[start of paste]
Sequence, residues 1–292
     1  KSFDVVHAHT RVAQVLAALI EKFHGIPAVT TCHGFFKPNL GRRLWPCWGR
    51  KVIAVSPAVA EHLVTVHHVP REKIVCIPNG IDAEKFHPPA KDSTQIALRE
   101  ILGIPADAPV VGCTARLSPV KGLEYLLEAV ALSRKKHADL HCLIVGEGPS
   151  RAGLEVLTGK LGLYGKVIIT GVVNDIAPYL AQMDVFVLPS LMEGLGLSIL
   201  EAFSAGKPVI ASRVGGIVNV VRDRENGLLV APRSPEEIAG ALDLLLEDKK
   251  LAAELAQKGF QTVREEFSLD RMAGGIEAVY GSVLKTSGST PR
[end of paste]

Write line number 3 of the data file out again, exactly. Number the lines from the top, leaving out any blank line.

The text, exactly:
    51  KVIAVSPAVA EHLVTVHHVP REKIVCIPNG IDAEKFHPPA KDSTQIALRE